A Legend is Born
Very often, the greatest inventions are the result of quite pragmatic considerations. In the first years of the art, photographers were mainly concerned with hauling their heavy plate cameras, along with their tripod and darkroom, from one location to the next. Their trials and tribulations stimulated one man into seeking a completely new method of taking photographs. His name was Oskar Barnack.
Even as early as 1905, he had the idea of reducing the format of negatives and then enlarging the photographs after they had been exposed. It was only ten years later, as development manager at Ernst Leitz, that he was able to put his theory into practice. This amateur photographer took an instrument for taking exposure samples - originally intended for cinema film - and turned it into the world's first 35 mm camera: the 'Ur-Leica'.
The miniature film format of 24 x 36 mm is still in use today. At the time, it was created by simply doubling the cinema film format. The first photos - of outstanding quality for the time - were made in 1914. Progress was interrupted by the First World War, so the first LEICA (Leitz Camera) did not go into serial production until 1924, being presented to the public in 1925.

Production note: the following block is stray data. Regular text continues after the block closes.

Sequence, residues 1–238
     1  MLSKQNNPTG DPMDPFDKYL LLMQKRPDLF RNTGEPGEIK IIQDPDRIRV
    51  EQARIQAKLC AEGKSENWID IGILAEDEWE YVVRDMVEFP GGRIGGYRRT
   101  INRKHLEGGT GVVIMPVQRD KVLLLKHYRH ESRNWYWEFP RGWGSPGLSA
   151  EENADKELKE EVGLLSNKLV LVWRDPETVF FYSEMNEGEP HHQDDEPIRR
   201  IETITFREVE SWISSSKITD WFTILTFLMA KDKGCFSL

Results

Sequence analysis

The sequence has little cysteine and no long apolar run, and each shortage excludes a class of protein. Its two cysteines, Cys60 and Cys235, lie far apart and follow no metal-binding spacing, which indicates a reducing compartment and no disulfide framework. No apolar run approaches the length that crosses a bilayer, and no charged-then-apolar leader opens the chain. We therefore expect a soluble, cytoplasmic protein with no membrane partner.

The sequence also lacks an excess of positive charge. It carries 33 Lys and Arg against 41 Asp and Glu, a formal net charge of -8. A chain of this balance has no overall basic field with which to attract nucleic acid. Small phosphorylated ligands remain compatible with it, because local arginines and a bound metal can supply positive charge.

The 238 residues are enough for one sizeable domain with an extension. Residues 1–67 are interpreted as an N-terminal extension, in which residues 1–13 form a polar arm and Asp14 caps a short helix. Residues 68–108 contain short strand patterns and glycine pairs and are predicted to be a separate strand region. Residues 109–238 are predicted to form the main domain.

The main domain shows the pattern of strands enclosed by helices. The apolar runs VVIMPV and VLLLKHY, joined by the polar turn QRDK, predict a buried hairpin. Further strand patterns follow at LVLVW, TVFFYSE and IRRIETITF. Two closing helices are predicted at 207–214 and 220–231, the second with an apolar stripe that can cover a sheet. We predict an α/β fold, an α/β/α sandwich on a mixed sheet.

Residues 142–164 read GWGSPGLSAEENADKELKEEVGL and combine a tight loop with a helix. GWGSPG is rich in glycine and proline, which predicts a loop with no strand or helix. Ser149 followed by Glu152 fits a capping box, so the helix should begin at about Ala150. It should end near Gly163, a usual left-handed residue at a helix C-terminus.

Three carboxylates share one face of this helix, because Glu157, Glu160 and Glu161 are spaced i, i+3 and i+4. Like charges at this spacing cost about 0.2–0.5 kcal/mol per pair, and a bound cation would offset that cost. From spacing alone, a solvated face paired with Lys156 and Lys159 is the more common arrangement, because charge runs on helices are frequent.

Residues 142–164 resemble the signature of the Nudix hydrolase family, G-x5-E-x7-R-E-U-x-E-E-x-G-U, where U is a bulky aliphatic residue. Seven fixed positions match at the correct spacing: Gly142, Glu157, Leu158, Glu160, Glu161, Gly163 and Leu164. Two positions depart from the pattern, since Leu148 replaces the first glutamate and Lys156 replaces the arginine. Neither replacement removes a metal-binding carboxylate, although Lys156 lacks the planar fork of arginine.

A few years ago the photographic equipment part of the Leitz Organisation in Wetzlar, Germany, became a separate company named LEICA Camera. LEICA Camera manufactures cameras, lenses, projectors, binoculars and telescopes. Backed by inventions and an innovative power that go back to Oskar Barnack and his idea, LEICA is today working on the creation of the tools that will take that new view of things forward through this millennium.